Menthol Cigarettes May Alter Body’s Response To Smoke, Says FDA Report

Brett Smith for – Your Universe Online
The US Food and Drug Administration (FDA) released a research review on menthol cigarettes today that many observers say is a precursor to further restrictions or bans on the mint-flavored tobacco product.
While adding peppermint oil extract probably doesn’t make cigarettes more more likely to cause diseases, the agency said menthol conveyed an “altered physiological responses to tobacco smoke,” which could add to tobacco’s already addictive qualities and increase smoking behavior.
The FDA has opened a 60-day public comment period on the report that could be used to influence new tobacco restrictions.
“FDA’s actions today on menthol reflect our commitment to explore all potential options, including the establishment of product standards,” Mitch Zeller, director of the FDA’s Center for Tobacco Products, told the Los Angeles Times.
Menthol cigarette maker Lorillard pushed back against the report in a statement that said “the best available science demonstrates that menthol cigarettes have the same health effects as nonmenthol cigarettes and should be treated no differently.”
Since 2009, the FDA has banned several cigarette additives designed to make tobacco more appealing, including cloves, chocolate and various fruit flavors. Some attribute the agency’s lack of regulatory actions on menthol cigarettes to objections from the African American community. Previous research has shown that menthols are the cigarettes of choice for almost 75 percent of all African American smokers, and the FDA has acknowledged that regulatory changes would disproportionately affect minorities.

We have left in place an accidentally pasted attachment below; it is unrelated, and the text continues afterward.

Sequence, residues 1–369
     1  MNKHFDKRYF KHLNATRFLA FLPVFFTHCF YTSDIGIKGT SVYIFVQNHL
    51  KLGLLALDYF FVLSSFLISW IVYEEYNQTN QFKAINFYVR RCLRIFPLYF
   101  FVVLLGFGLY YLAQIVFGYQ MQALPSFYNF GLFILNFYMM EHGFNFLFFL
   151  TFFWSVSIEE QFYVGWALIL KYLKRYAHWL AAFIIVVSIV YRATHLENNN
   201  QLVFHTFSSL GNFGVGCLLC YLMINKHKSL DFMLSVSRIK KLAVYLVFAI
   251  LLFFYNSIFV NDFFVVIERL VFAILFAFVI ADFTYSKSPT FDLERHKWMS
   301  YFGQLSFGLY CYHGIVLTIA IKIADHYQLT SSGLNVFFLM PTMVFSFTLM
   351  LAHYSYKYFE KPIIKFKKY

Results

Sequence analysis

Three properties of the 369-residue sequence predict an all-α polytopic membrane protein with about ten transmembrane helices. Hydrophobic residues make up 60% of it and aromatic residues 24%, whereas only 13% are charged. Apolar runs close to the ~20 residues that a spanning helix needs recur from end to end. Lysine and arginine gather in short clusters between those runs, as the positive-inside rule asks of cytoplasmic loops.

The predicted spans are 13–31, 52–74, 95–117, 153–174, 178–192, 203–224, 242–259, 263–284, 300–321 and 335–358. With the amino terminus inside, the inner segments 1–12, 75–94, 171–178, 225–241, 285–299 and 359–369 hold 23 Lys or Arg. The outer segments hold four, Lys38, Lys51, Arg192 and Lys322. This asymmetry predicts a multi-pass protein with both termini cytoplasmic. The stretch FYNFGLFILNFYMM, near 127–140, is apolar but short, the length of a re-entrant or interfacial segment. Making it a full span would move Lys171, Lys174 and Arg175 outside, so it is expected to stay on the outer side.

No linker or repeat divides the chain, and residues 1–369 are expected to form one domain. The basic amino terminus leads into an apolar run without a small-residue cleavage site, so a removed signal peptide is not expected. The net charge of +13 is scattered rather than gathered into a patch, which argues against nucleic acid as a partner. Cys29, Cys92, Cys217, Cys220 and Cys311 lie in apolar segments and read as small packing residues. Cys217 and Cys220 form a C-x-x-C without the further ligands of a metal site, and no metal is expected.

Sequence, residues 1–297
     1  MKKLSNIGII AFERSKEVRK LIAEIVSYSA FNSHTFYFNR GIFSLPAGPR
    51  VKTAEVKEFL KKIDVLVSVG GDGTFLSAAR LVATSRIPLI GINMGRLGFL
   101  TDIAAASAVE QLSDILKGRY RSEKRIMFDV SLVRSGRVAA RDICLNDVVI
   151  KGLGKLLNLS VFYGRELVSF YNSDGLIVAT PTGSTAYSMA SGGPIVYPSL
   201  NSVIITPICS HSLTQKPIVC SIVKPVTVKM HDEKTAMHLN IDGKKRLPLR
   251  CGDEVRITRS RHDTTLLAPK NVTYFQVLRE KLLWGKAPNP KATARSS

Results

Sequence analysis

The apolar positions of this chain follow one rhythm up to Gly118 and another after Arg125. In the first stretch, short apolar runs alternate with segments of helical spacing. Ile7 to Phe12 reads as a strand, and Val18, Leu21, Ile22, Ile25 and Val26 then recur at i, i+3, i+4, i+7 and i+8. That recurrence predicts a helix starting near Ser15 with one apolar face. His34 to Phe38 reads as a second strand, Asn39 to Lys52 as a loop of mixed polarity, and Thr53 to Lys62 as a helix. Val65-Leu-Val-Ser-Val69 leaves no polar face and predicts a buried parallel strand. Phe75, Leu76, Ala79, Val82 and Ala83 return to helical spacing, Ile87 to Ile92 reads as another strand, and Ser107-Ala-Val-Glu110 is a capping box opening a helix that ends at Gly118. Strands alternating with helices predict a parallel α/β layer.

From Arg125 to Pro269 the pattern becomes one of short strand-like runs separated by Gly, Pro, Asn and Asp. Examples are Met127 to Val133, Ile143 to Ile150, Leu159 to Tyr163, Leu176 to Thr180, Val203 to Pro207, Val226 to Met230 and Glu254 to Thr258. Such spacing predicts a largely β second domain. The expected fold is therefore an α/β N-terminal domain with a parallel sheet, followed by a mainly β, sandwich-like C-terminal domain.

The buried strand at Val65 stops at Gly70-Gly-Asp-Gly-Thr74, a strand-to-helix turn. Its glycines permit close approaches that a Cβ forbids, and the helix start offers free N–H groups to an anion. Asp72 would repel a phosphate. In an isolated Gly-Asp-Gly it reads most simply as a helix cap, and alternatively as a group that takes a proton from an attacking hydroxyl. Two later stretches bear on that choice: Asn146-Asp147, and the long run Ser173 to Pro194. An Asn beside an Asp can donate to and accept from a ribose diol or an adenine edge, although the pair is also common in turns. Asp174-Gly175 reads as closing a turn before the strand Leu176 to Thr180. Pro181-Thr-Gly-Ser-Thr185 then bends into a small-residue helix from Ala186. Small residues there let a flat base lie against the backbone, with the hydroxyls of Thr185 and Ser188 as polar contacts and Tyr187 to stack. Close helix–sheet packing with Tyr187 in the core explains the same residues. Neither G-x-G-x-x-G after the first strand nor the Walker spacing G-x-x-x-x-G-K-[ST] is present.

In 2010, the National Black Chamber of Commerce and two other interest groups pushed the FDA not to ban menthol cigarettes. They argued that a ban would cause additional stress for law enforcement agencies and open up an underground market for the illicit sale of tobacco products.
Some research has suggested that African Americans have a genetic predilection for mentholated cigarettes over regular tobacco. Other research has shown that menthol smokers light their first cigarette sooner after waking in the morning, are more likely to wake up at night for a smoke, are less successful quitters and are more likely to relapse than regular cigarette smokers.
Two studies published this week added to the growing body of evidence supporting the notion that menthols are more dangerous than normal cigarettes. In one study, published in the journal PLOS ONE, neuroscientists showed that menthol affects the same brain receptors as nicotine, resulting in a dampening of the brain’s typical response to nicotine and potentially causing smokers to compensate by smoking more often.
“Today I cannot tell you that menthol cigarettes are more addictive,” said study author Nadine I. Kabbani of George Mason University in Virginia. “But I can tell you that they’re increasingly found to have biological and biophysical properties that go beyond flavor.”
In a separate research review, Kabbani focused on menthol’s effects on nicotinic receptors found throughout the body. She found that menthol alters the effects of nicotine on these receptors – sometimes amplifying them, sometimes reducing them.
Kabbani suggested that these studies indicate that menthol cigarettes need to be taken more seriously than non-flavored cigarettes.
“It’s almost like spiking your vodka with beer,” she said.

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